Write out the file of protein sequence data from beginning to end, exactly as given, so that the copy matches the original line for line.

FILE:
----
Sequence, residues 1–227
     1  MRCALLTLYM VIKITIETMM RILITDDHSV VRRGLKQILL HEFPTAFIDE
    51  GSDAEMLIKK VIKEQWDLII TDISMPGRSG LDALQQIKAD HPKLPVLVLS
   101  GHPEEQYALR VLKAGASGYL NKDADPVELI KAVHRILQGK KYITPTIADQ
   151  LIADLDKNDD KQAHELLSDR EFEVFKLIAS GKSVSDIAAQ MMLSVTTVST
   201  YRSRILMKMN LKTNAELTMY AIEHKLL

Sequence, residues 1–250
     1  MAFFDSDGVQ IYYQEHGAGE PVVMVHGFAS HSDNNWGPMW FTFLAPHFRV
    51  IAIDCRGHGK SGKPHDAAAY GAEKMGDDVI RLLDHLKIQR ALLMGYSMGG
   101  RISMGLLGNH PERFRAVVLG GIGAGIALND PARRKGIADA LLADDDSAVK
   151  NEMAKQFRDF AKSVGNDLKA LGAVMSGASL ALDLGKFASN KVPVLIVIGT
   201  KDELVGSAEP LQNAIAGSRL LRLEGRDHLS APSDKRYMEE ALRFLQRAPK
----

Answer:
Sequence, residues 1–227
     1  MRCALLTLYM VIKITIETMM RILITDDHSV VRRGLKQILL HEFPTAFIDE
    51  GSDAEMLIKK VIKEQWDLII TDISMPGRSG LDALQQIKAD HPKLPVLVLS
   101  GHPEEQYALR VLKAGASGYL NKDADPVELI KAVHRILQGK KYITPTIADQ
   151  LIADLDKNDD KQAHELLSDR EFEVFKLIAS GKSVSDIAAQ MMLSVTTVST
   201  YRSRILMKMN LKTNAELTMY AIEHKLL

Sequence, residues 1–250
     1  MAFFDSDGVQ IYYQEHGAGE PVVMVHGFAS HSDNNWGPMW FTFLAPHFRV
    51  IAIDCRGHGK SGKPHDAAAY GAEKMGDDVI RLLDHLKIQR ALLMGYSMGG
   101  RISMGLLGNH PERFRAVVLG GIGAGIALND PARRKGIADA LLADDDSAVK
   151  NEMAKQFRDF AKSVGNDLKA LGAVMSGASL ALDLGKFASN KVPVLIVIGT
   201  KDELVGSAEP LQNAIAGSRL LRLEGRDHLS APSDKRYMEE ALRFLQRAPK